Under the state Law Enforcement Officer's Bill of Rights, police are unable to suspend an officer without pay unless he or she has been charged with a felony. As a sworn officer, Tshamba was authorized to carry a weapon and to use it under certain circumstances. Officials said they continue to review whether Tshamba had been drinking and whether he feared for his life. Several witness said Tshamba had identified himself as a police officer before firing the shots.

The department formally released Tshamba's name Monday, in keeping with a policy of waiting 48 hours after an incident before publicly identifying the involved officer. The Baltimore Sun learned his identity Saturday.

Guglielmi said detectives determined that Tshamba spent part of the evening inside the Red Maple in the 900 block of N. Charles St., and not Eden's Lounge on W. Eager Street, as police previously said. Detectives fanned out to Mount Vernon clubs over the weekend, seeking witnesses and trying to determine whether Tshamba had been drinking before the confrontation with Brown near a back door to Club Hippo at N. Charles and W. Eager streets.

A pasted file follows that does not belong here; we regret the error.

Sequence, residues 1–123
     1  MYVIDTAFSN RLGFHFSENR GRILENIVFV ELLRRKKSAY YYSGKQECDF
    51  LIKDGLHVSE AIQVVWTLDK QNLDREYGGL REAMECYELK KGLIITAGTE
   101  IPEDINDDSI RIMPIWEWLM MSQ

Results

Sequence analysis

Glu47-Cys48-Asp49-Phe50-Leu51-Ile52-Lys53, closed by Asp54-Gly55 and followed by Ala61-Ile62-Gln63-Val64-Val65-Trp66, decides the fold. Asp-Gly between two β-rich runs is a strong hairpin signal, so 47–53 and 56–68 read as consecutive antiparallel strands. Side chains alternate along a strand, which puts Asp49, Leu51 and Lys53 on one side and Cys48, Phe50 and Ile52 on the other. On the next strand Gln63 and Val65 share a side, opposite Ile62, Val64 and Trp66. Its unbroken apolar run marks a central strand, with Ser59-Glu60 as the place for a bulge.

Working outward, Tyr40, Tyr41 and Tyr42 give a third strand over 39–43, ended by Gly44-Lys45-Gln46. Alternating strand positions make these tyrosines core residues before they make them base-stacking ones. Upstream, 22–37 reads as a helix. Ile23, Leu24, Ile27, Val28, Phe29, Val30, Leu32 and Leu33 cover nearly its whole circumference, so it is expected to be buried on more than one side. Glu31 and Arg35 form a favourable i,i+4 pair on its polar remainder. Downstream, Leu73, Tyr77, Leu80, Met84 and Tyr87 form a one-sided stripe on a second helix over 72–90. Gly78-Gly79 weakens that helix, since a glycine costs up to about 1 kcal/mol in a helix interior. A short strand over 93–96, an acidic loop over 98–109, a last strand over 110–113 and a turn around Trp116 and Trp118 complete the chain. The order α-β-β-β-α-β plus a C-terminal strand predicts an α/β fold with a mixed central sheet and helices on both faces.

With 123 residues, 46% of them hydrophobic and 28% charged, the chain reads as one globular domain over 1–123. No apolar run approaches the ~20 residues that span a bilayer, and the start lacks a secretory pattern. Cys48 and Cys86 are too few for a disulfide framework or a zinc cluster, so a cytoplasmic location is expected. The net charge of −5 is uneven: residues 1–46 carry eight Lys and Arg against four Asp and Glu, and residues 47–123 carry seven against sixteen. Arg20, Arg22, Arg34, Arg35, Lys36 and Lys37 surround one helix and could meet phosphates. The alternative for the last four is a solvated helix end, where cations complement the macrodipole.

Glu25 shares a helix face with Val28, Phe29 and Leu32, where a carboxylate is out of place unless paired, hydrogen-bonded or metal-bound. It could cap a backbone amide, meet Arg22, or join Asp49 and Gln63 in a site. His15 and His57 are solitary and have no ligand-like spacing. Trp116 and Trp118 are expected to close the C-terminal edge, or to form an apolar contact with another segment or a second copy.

McLarney said Tshamba had been observed "with a beverage" in hand, but were not sure if the drink contained alcohol.

Police also sought surveillance video from private businesses in the area, but the cameras appeared to be out of operation.

Police Commissioner Frederick H. Bealefeld III has not participated in media briefings about the shooting. Marvin "Doc" Cheatham, president of the Baltimore branch of the National Association for the Advancement of Colored People, said the commissioner "seemed quite troubled, very upset," when the two had a conversation about the matter.

Cheatham said the department had not been transparent enough in its handling of the case, and was frustrated by what he said was silence from city and state elected leaders.

"The commissioner is putting labels on the bad guys with guns, but he needs to put the same label on bad police," Cheatham said. "I think the community would like to see that a little bit more."